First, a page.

[PDF] Download ✓ A History of Horror | by Þ Wheeler Winston Dixon

By Wheeler Winston Dixon | Comments: ( 459 ) | Date: ( Nov 21, 2019 )

Ever since horror leapt from popular fiction to the silver screen in the late 1890s, viewers have experienced fear and pleasure in exquisite combination Wheeler Winston Dixon s A History of Horror is the only book to offer a comprehensive survey of this ever popular film genre.Arranged by decades, with outliers and franchise films overlapping some years, this one stop souEver since horror leapt from popular fiction to the silver screen in the late 1890s, viewers have experienced fear and pleasure in exquisite combination Wheeler Winston Dixon s A History of Horror is the only book to offer a comprehensive survey of this ever popular film genre.Arranged by decades, with outliers and franchise films overlapping some years, this one stop sourcebook unearths the historical origins of characters such as Dracula, Frankenstein, and the Wolfman and their various incarnations in film from the silent era to comedic sequels A History of Horror explores how the horror film fits into the Hollywood studio system and how its enormous success in American and European culture expanded globally over time.Dixon examines key periods in the horror film in which the basic precepts of the genre were established, then banished into conveniently reliable and malleable forms, and then, after collapsing into parody, rose again and again to create new levels of intensity and menace A History of Horror, supported by rare stills from classic films, brings over fifty timeless horror films into frightfully clear focus, zooms in on today s top horror Web sites, and champions the stars, directors, and subgenres that make the horror film so exciting and popular with contemporary audiences.


  • Title: A History of Horror
  • Author: Wheeler Winston Dixon
  • ISBN: 9780813547961
  • Page: 393
  • Format: Paperback

About Author:

Wheeler Winston Dixon

Wheeler Winston Dixon is an American filmmaker, scholar and author, and an expert on film history, theory and criticism.His scholarship has particular emphasis on Fran ois Truffaut, Jean Luc Godard, American experimental cinema and horror films He has written extensively on numerous aspects of film, including his books A Short History of Film and A History of Horror From 1999 through the end of 2014, he was co editor of the Quarterly Review of Film and Video He is regarded as a top reviewer of films In addition, he is notable as an experimental American filmmaker with films made over several decades, and the Museum of Modern Art exhibited his works in 2003 He has taught at a number of schools of higher learning.



Comments A History of Horror

  • Nandakishore Varma

    An excellent history of horror cinema (NOT fiction) from the turn of the last century to 2010. It's a very easy read, and enjoyable to a horror aficionado such as I. The book does not have any in-depth analysis of how horror works: basically, it traces the evolution of the horror film from the silent movie era to the present. It touches upon almost all the famous producers, directors, and icons (such as Lon Chaney, Bela Lugosi, Boris Karloff, Vincent Price, Christopher Lee et al); and basically [...]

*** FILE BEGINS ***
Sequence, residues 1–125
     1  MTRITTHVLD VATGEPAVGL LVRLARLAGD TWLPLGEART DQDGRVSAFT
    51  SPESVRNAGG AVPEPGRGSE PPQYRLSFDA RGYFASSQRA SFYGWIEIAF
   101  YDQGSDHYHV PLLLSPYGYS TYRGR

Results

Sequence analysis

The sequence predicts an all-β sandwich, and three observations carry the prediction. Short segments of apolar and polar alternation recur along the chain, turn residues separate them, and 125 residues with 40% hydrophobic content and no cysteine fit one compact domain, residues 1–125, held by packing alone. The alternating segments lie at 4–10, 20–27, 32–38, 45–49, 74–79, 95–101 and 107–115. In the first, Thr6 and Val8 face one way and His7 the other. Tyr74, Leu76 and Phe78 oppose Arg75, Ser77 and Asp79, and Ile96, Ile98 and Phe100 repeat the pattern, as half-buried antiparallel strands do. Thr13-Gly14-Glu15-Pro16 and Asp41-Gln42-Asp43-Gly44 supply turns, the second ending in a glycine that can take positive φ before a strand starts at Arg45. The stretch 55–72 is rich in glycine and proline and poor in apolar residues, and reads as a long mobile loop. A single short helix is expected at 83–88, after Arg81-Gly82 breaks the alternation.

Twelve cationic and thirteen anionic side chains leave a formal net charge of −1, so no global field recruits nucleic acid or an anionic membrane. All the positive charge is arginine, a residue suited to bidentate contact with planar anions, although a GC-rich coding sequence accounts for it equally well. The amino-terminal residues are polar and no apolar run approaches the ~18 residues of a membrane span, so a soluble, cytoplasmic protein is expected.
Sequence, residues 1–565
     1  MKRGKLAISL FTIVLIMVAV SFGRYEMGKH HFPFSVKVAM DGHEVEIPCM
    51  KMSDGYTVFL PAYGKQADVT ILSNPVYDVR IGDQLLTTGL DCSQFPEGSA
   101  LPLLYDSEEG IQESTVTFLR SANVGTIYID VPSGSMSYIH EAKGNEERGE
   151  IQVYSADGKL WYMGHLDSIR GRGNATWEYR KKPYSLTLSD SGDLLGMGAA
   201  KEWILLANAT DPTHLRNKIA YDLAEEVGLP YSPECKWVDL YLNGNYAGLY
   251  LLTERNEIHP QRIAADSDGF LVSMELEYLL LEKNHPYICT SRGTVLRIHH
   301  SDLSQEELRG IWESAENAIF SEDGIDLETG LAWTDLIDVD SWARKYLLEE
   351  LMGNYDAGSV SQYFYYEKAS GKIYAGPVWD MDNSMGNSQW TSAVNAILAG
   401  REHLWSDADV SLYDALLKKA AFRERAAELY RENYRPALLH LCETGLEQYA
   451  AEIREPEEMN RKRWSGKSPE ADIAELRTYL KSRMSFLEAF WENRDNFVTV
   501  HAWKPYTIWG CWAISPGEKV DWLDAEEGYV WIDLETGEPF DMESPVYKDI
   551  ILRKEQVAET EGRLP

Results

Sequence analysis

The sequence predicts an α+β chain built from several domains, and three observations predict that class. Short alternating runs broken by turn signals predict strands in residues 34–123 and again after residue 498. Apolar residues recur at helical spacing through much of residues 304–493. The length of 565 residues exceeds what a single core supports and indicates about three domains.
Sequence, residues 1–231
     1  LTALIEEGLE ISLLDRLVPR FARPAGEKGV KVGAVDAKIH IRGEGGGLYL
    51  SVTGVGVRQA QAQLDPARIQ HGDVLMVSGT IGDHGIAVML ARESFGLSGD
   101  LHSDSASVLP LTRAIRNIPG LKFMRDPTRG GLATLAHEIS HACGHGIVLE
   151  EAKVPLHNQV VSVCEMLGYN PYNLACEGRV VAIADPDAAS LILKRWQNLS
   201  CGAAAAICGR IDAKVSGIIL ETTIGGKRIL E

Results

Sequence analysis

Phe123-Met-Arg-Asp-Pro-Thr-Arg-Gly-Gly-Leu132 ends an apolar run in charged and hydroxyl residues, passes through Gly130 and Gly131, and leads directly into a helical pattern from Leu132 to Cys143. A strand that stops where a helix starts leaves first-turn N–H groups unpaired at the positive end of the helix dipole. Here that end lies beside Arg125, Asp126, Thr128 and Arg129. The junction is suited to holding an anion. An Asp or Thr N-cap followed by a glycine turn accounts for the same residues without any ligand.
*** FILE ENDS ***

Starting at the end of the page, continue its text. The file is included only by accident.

• Arthur O'dell

    A decent read, expecially for those with little to no background in film history. Dixon's chapters on the horror film to 1970 don't really add anything to what has been written elsewhere, and the two last chapters provide a useful summary of major films, especially foreign-language films. The book's main weakness is that it does not employ a consistent approach to its subject; Dixon jumps between a chronological and a topical approach that can be confusing if you are not already familiar with ma [...]


  • Michael

    The early sections of the book covering classic horror up until the 70's are great. Well written, and including a lot of titles I want to follow up on. The later sections were not nearly as strong. Chronology gets really jumpy, the writing feels a little lazier (lots of run-ons), and there are mistakes (for instance, Land of the Dead is not the most recent Romero zombie film [the book was released in 2010] There have been two since then.) Dixon's horror tastes are solid, though. Beyond his enjoy [...]


  • Spencer Howerton

    A must-read for film fans.


  • Roni

    Very interesting in depth analysis of the history of the horror film genre. I read this originally for a film analysis class, but I really enjoyed the read and the information that was included.


  • Trent Kartis

    Great book for film students.


  • Michael

    I will admit that I went into this book hoping for a more in depth discussion of various themes in horror cinema and how they related to what was happening in the world at the time. I can not fault the book for my incorrect assumptions. What the reader is presented with, instead, is a roughly chronological listing of horror titles with descriptions of the films and some commentary about their creation. This is a bit confusing, as many of the descriptions reveal the plot twists and endings of the [...]